When both the Right and Left vestibular organs in your inner ear are functioning properly, they send equal messages to the brain. So, the signals coming from the right ear agree with the signals coming from the left ear and the brain is essentially happy. If one of the vestibular organs is not working properly, the brain will receive different messages from each ear and that can result in dizziness and / or imbalance.
You have an important reflex called the Vestibular Ocular Reflex (VOR). The VOR acts to maintain clear and stable vision while your head is in motion. If one of the vestibular organs or the pathway to the brain is not working properly, when you turn your head, you may experience blurry vision and / or dizziness. Gaze Stabilization exercises can help improve the timing of the VOR and may be recommended by your Physical Therapist.
After an inner ear disturbance, the brain goes through a process of compensation. The brain has to adapt to the imbalanced signals from the inner ear and this process is called Central Compensation. Some people can compensate without help, but others need assistance with Vestibular Rehabilitation.
Sometimes, your doctor will prescribe a medicine called Antivert (Meclizine) to help you manage your vertigo. But, Antivert (Meclizine) is a vestibular suppressant and regular long term use of this medicine can limit the compensation process. If you are taking this medicine on a daily basis, we recommend that you talk to your doctor about weaning from this drug as soon as possible to allow your body to heal.
Typically, people with vestibular disorders carry out their daily activities while avoiding head movements at all cost, because moving your head is likely to trigger symptoms of dizziness and nausea. But the process of compensation can actually be delayed by limiting your movement. Limits in movement and in-activity can result in muscle stiffness, neck pain, headache and generalized fatigue. Your energy level may decrease and you may have trouble relaxing. You have to move to heal !
Vestibular Rehabilitation is a type of Physical Therapy that focuses on exercises to reduce the symptoms of disequilibrium and dizziness associated with a vestibular disorder. The goal of Vestibular Rehab is to retrain the brain to recognize and process signals from the vestibular system in coordination with information from eyes and proprioceptive systems. This often involves desensitizing the brain to movements that provoke symptoms. Vestibular Rehab involves specific exercises that can eliminate or significantly reduce symptoms by promoting central nervous system (brain) compensation.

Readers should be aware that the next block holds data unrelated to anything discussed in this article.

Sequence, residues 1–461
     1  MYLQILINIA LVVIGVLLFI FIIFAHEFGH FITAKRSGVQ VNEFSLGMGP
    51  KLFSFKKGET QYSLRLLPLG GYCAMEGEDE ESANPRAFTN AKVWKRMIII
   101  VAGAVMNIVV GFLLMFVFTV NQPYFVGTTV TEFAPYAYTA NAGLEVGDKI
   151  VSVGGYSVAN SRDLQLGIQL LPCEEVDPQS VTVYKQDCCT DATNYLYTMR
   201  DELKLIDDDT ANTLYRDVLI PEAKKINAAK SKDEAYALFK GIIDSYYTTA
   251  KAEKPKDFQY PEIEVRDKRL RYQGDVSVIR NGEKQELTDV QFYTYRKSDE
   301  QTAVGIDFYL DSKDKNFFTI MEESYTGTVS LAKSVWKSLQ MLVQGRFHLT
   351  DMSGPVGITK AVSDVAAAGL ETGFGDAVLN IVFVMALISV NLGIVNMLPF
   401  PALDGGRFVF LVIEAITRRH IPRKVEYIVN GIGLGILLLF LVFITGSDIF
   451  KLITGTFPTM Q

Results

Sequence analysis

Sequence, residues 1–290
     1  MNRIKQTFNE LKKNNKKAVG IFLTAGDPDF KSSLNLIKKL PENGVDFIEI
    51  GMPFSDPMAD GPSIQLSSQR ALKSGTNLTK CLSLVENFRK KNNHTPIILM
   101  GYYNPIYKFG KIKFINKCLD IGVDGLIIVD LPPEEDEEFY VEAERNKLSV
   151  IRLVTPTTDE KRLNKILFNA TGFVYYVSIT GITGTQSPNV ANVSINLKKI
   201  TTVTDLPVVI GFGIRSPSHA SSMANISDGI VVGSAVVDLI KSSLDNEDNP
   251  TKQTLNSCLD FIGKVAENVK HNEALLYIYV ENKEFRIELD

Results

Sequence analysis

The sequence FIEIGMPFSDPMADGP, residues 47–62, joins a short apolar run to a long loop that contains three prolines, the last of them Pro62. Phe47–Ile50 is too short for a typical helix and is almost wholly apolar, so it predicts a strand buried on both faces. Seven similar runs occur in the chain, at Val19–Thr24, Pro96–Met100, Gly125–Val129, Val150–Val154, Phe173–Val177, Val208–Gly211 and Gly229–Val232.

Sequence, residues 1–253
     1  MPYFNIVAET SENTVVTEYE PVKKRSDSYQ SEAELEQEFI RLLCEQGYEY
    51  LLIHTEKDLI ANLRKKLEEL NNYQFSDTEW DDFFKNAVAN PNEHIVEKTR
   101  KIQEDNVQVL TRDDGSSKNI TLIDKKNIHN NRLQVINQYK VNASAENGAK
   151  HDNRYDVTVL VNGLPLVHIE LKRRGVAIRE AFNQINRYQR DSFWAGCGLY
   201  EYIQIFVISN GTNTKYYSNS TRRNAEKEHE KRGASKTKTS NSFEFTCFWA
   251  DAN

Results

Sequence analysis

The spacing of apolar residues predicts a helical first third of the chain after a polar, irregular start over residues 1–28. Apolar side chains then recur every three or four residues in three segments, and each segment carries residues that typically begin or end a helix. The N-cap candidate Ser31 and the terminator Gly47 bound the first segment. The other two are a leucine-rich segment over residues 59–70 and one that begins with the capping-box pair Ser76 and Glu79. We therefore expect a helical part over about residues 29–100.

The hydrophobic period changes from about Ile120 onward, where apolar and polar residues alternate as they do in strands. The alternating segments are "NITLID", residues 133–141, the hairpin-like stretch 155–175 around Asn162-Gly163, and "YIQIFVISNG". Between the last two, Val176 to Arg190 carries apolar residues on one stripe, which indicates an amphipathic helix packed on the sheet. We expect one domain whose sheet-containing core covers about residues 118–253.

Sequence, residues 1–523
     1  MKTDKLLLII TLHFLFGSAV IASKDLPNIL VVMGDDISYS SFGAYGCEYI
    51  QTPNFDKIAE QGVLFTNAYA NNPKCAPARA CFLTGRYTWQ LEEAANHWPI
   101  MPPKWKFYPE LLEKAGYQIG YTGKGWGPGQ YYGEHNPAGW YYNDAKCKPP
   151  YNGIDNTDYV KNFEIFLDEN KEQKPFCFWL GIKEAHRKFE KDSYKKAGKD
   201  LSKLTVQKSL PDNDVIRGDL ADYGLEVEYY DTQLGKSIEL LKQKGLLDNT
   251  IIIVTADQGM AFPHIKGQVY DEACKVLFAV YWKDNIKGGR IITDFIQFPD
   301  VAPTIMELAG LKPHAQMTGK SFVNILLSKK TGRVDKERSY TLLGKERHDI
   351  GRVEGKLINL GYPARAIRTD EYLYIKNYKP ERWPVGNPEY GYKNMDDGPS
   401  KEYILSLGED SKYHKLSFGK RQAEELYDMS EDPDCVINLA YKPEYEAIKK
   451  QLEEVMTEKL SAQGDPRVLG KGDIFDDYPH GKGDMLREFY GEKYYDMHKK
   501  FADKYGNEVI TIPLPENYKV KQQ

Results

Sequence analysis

General goals of Vestibular Rehabilitation are to:
- Decrease dizziness and visual symptoms
- Improve balance and walking
- Improve fitness and endurance
Types of exercises recommended can include:
- Eye and head movements
- Habituation exercises to desensitize the vestibular system
- Balance and walking exercises
Some exercises may make your symptoms seem worse at first. But with time and consistent work, your symptoms will steadily improve and you will find that you are able to participate in more of the activities of your daily life. Walking for 30 minutes daily can improve fitness and help to manage symptoms. A regular walking program is recommended for most of our patients. It typically takes 4 - 8 weeks of performing the exercises on a regular basis to notice a significant change in your symptoms. Once your body goes through the compensation process, you should be able to perform most of your regular daily activities without symptoms.
Please keep in mind that excess stress, fatigue, prolonged in-activity or illness can cause your body to decompensate again, resulting in return of dizziness and imbalance. If this occurs, it is recommended that you return to your prescribed vestibular exercise program for a few weeks.
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